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Six Degrees of Separation

A world map with lots of colored pins and a person pointing to the map.

Have you ever been at a party, and someone says, “I think I know you because…” and then starts weaving a tale of mutual acquaintances that leaves you both bewildered and oddly fascinated?

It’s happened to me more times than I can count. I’ll be at a friend’s BBQ, enjoying a burger, when a stranger starts mapping out a convoluted network of people that connects us. By the end of it, we’re practically family.

This bizarre and delightful phenomenon is known as "Six Degrees of Separation," and it’s become one of my favorite party tricks. Let’s dive into this strange concept that suggests we’re all much closer than we think, and maybe have a laugh or two along the way.

The Birth of a Legend

Our story begins in 1929 when Hungarian writer Frigyes Karinthy proposed that no matter how big the world is, we’re all connected by just six social ties. Picture Karinthy sitting in a café, sipping on some strong Hungarian coffee, and thinking, "You know what would be wild? If everyone on this planet could be linked by just six friendships!" And just like that, the Six Degrees of Separation theory was born. Okay, that was the “CliffsNotes” version.

Milgram’s Mad Experiment

Fast forward to the 1960s, when Stanley Milgram, a psychologist with a flair for the dramatic, decided to test this theory. He chose a bunch of random folks in Nebraska and asked them to get a letter to a stockbroker in Boston. The catch? They could only send it to someone they knew personally, who might then know someone else, and so on. After several letters and many confused Midwesterners, Milgram concluded that, on average, it took about six steps to reach the stockbroker. Voilà! Six Degrees of Separation seemed real.

A sketch of Kevin Bacon.

The Kevin Bacon Game

Ah yes, the 1990s—I remember it well. The era of flannel shirts, grunge music, and the rise of the internet. College students, with nothing better to do, invented the "Six Degrees of Kevin Bacon" game. The idea? You can connect any actor to Kevin Bacon through their film roles in six steps or less. The game exploded, and Kevin Bacon, previously just another Hollywood actor, became the unofficial mascot of interconnectedness. He even started a charity called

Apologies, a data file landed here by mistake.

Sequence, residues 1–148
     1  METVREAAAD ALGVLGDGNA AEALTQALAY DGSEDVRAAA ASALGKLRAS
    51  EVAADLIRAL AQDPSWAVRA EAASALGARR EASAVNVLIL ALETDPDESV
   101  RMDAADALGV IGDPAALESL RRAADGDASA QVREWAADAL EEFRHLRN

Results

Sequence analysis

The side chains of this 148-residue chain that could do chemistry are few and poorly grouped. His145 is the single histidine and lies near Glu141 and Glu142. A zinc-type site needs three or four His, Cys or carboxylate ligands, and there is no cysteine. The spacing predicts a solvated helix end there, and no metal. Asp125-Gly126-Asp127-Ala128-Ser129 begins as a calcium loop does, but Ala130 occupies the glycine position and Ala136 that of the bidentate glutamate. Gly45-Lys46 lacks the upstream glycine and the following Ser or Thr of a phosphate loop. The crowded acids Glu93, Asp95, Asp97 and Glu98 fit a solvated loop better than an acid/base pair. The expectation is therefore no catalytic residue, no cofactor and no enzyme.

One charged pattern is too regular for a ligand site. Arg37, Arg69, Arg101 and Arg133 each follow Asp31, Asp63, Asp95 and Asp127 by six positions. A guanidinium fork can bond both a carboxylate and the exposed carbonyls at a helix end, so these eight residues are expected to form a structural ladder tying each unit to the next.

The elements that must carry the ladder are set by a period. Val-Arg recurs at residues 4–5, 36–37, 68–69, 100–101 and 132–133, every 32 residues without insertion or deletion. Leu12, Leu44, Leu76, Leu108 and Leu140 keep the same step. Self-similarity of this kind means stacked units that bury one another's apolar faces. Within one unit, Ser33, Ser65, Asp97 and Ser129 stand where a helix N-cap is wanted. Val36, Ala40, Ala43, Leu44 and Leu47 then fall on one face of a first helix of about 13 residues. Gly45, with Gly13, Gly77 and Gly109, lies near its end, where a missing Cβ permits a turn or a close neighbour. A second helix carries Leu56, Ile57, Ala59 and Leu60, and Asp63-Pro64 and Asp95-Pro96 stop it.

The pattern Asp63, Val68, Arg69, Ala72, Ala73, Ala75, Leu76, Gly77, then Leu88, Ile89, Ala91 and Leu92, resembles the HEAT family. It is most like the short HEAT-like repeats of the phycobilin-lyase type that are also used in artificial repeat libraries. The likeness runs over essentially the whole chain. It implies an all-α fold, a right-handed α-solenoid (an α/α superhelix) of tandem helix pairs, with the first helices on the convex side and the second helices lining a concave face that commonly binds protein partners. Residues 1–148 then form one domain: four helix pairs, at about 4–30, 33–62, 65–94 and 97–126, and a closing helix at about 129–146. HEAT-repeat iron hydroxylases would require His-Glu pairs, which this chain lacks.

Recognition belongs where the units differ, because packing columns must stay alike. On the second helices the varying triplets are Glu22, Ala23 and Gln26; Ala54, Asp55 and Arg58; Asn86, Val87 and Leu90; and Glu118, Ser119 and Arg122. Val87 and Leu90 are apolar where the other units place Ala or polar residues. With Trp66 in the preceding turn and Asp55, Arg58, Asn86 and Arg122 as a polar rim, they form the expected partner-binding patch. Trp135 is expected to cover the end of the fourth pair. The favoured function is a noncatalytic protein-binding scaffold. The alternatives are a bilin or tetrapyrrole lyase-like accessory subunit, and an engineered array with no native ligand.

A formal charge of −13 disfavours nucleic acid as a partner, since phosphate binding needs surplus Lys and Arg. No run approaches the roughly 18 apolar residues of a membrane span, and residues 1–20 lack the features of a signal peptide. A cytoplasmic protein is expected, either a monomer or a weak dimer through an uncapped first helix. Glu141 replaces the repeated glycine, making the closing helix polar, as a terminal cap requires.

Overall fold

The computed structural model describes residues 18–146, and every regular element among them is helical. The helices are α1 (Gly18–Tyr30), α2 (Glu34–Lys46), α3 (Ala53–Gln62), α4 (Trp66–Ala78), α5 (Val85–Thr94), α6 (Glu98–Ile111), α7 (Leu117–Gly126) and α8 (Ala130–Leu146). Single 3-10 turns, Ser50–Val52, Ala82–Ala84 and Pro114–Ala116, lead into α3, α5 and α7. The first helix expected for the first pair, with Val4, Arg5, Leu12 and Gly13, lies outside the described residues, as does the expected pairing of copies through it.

Here's a little confession: I thought Kevin Bacon was my long-lost third cousin once removed.

Social Media Shenanigans

Today, social media has taken the Six Degrees concept and run with it. On platforms like Facebook and LinkedIn, you’re likely just a few connections away from, well, everyone. A study by Facebook once suggested that users are separated by an average of just 3.57 degrees. That’s right, you’re practically BFFs with Mark Zuckerberg. Who knew posting cat memes could bring you so close to tech moguls?

Here are a few examples to illustrate this hilariously improbable concept, let’s take a look at a few whimsical "six degrees" scenarios:

A breakdancer on stage.

Scenario 1: You to Beyoncé

1. You went to college with Jenny.

2. Jenny’s cousin is a backup dancer.

3. The backup dancer worked with Shakira.

4. Shakira once performed at a charity event hosted by Jay-Z.

5. Jay-Z is, of course, married to Beyoncé.


A woman in a yoga pose on a balcony overlooking the jungle.

Scenario 2: You to the Dalai Lama

1. Your best friend’s yoga instructor studied in India.

2. The instructor was taught by a renowned monk.

3. That monk attended a conference with another senior monk.

4. This senior monk had an audience with the Dalai Lama.


Antartica Station

Scenario 3: You to an Antarctic Scientist

1. You met a guy at a party who is an environmental activist.

2. This activist has a pen pal in Norway.

3. The pen pal is a marine biologist.

4. The marine biologist collaborates with researchers in Antarctica.

While the Six Degrees of Separation theory is intriguing, it has its quirks. The strength and quality of our connections matter significantly, and not every link is influential—knowing someone who knows someone’s pet groomer won't likely connect you to Elon Musk. Moreover, geography and social circles tend to cluster, limiting how far our connections truly reach.

I mention this because, as a writer, understanding the nuances of human connections can deepen our storytelling. The next time you're at a party, bring up the Six Degrees of Separation; it’s a fun conversation starter that highlights our interconnected world. Remember, whether you're connected to a Nobel Prize winner or a cheese taster, we’re all part of this vast human network. And hey, maybe Kevin Bacon will pop into your next gathering!

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